Scott Horton Interviews Andy Worthington

Scott Horton, November 09, 2010

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Andy Worthington, author of The Guantanamo Files, discusses George W. Bush’s admission that he emphatically approved of waterboarding – with the unsupported caveat that it saved lives, the post-9/11 US torture regime designed to extract “evidence” linking al-Qaeda and Saddam Hussein’s Iraq, tracing DHS orange alerts back to false confessions of torture victims, how Congress essentially jails scheduled-for-release Guantanamo prisoners for 2 weeks while vetting their releases, the abolition of accountable and limited government thanks to Obama’s refusal to “look back” at the Bush administration’s lawlessness and how the British got their own Abu Ghraib-type scandal.

MP3 here. (38:54)

Andy Worthington writes for Counterpunch, the Future of Freedom Foundation and He is the author of The Guantanamo Files and writes an eponymous blog. His documentary movie Outside the Law: Stories From Guantanamo is available on DVD.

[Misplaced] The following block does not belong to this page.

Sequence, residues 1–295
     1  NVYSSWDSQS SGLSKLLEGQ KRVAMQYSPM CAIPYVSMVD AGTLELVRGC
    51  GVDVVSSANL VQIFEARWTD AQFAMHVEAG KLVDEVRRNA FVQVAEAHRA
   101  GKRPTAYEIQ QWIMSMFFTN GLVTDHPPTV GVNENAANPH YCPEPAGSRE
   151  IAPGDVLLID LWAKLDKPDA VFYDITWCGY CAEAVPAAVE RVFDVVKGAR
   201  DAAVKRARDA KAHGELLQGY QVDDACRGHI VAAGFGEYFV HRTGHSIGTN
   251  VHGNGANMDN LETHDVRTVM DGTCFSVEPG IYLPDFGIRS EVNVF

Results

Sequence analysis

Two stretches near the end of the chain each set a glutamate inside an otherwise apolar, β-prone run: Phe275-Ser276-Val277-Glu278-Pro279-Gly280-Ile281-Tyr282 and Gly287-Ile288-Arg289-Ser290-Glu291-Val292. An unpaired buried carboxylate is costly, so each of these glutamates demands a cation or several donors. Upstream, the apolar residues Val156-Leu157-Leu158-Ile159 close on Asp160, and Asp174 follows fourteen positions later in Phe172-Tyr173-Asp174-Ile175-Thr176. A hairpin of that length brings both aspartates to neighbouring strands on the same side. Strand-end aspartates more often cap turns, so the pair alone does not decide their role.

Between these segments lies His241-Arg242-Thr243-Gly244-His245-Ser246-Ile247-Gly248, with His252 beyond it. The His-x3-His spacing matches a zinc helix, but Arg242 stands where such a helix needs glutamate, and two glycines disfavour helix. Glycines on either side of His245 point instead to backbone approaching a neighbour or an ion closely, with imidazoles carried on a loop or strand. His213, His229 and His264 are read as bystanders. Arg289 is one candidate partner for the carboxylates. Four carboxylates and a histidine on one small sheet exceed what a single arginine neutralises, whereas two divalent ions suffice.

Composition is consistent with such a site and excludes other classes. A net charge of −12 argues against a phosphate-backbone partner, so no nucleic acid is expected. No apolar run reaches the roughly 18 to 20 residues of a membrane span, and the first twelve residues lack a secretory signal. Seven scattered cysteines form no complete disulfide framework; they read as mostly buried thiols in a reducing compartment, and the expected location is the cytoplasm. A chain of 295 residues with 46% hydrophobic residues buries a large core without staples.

5 Responses to “Andy Worthington”

  1. [...] of Antiwar Radio, for a planned 20-minute interview that turned into an extended 38-minute workout. Available here, the interview covers George W. Bush’s reemergence as an unrepentant war criminal at the helm [...]

  2. So now, like the later Roman Empire, we have two justice systems. One, the traditional judge and jury, where people are innocent till proven guilty, is for the rich and well-connected, what Romans called the honestiores. For ordinary folk, the humiliores, there's the tribunal system, where everyone is tortured into a confession, and everyone is automatically guilty. Don't think it's only for other people; it's for YOU.

  3. Is there any question that Uncle Sam is a criminal organization?

    Recall that scene from The Godfather? How did it go? With apologies:

    Michael: "My father is a businessman, Kay; a senator."

    Kay: "Businessmen and senators don't have men killed, Michael!"

    Michael: "Who's being naive now, Kay?"

  4. Thanks for having Mr. Worthington on. We need to hear more from him.

  5. The International Court in the Hague is for African dictators, not for international (civilized) dictators.

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